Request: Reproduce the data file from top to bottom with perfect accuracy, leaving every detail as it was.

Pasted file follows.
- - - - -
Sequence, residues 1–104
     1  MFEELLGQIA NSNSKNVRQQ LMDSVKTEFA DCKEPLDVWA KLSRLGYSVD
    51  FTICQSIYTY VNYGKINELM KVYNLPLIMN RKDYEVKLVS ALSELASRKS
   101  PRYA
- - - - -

Sequence, residues 1–104
     1  MFEELLGQIA NSNSKNVRQQ LMDSVKTEFA DCKEPLDVWA KLSRLGYSVD
    51  FTICQSIYTY VNYGKINELM KVYNLPLIMN RKDYEVKLVS ALSELASRKS
   101  PRYA